Hal Prince, the most accomplished director in Broadway history, ingeniously incorporates Brechtian theatrical techniques: there’s a narrator, knowing glances to the audience, not a single touch of naturalism, a mostly sparse set that doesn’t feel like any real space, unnatural lighting, heightened movement, and a giant screen projecting images of the real Eva. It all reminds you that you’re watching a world and a story constructed by artists; you’re not there to be swept away by the emotional experience.
That might sound like anathema to what a Broadway musical does – and Prince and Lloyd Webber’s other collaboration, The Phantom of the Opera, is all about heart – but there’s something intoxicating in the clash between the emotional coolness of Prince’s Brechtian style and the vivacity of Broadway.
This new Australian remount of that original production mightn’t always have the dramatic sharpness you’d hope for, but it remains a uniquely intellectual piece of musical theatre. The score sounds exquisite with this cast and orchestra, under musical director Guy Simpson, and Larry Fuller’s highly stylised, Latin-inspired choreography still packs a punch in numbers like ‘Buenos Aires’ and ‘And the Money Kept Rolling In’, and in quieter moments, establishes the class structure of Argentina.
Arena rises to the challenges of the score at every step, belting her way through an impossibly high score, tracing the character’s evolution with a rich and perfectly even tone. She’s always been a step above most pop singers of her ilk, but it’s impossible to ignore her prodigious technical skill when unleashed on this score.
Broadway’s original Eva, Patti LuPone, once famously said that the role could have only been written by somebody who hates women. It’s not just a challenging sing, it’s absolutely punishing – potentially the most taxing in all of musical theatre. And the dim view that Rice and Lloyd Webber seem to take whenever Eva steps outside the expectations of her gender is a bit uncomfortable in 2018.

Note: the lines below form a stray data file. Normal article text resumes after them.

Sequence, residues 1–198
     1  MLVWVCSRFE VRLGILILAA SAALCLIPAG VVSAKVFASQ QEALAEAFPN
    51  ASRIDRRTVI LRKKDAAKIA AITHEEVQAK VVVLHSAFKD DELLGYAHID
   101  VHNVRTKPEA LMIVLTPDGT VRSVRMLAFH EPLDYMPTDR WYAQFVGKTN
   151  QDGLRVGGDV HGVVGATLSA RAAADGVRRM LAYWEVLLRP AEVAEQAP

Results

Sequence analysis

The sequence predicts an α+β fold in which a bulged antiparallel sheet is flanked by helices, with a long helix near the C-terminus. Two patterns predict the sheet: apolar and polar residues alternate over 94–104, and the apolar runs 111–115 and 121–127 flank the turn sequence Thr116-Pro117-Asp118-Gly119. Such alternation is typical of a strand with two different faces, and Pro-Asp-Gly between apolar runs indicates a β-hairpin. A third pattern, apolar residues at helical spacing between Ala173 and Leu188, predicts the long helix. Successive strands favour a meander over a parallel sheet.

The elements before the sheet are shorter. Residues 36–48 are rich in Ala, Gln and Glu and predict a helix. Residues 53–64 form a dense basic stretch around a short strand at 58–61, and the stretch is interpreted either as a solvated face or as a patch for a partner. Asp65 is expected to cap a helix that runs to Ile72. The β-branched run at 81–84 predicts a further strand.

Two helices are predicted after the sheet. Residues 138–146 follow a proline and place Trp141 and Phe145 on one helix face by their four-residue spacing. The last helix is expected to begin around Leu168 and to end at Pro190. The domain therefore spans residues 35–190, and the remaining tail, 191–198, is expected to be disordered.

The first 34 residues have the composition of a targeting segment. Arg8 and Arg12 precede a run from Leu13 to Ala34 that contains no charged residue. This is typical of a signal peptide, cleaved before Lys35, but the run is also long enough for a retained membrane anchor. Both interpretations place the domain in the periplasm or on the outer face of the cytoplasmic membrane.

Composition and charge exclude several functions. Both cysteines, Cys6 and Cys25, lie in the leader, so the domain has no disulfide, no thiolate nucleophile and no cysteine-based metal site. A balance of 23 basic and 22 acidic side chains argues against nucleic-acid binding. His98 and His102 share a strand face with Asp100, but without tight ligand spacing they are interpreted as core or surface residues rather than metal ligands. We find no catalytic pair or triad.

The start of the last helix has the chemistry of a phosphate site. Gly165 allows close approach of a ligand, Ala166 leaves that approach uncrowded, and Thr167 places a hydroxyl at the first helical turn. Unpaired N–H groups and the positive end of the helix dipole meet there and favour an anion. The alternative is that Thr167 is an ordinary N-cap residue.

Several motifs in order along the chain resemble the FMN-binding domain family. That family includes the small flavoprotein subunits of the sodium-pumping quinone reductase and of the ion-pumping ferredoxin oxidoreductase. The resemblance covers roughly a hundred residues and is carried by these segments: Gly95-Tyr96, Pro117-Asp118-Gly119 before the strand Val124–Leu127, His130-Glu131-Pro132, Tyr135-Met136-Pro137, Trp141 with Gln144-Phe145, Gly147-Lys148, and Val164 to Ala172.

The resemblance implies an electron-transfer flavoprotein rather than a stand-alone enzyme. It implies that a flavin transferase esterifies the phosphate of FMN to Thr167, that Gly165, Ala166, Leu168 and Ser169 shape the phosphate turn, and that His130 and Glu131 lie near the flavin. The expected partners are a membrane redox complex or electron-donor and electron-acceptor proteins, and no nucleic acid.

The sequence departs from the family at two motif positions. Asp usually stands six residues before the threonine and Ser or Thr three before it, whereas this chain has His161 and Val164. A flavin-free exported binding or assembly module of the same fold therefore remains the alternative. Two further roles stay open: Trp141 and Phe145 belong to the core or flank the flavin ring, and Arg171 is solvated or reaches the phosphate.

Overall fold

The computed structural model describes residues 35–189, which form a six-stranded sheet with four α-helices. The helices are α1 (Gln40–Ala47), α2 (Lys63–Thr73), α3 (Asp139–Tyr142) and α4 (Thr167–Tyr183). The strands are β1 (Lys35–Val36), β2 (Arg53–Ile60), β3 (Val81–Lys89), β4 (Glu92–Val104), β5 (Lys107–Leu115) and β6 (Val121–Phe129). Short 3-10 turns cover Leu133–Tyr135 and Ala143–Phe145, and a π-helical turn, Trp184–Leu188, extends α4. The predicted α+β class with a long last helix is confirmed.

But in the role, Arena is a kind of advocate for Eva, refusing to pass judgement on her actions. She mightn’t always be the most immersed actor – at the opening night performance you could see the cogs were still turning a little – but Arena draws a character with plenty of colour.
She’s well supported by Kurt Kansley as the narrator, Che, guiding the audience through what can be a dense story. Even if some narrative details might be missed, he puts the audience at ease. Paulo Szot is perfectly cast as Eva’s husband, Juan Perón. His Tony Award-winning operatic baritone matches Arena’s singing punch-for-punch; it’s true luxury casting to have him in this smaller role.
That combination makes this Evita unmissable for hardcore musical theatre fans. Whether those unfamiliar with the show will be willing to dive into something that demands so much of their concentration and consideration is another matter. If not, there’s always ‘Don’t Cry for Me Argentina’, performed by our Tina. Who wouldn’t be seduced by that?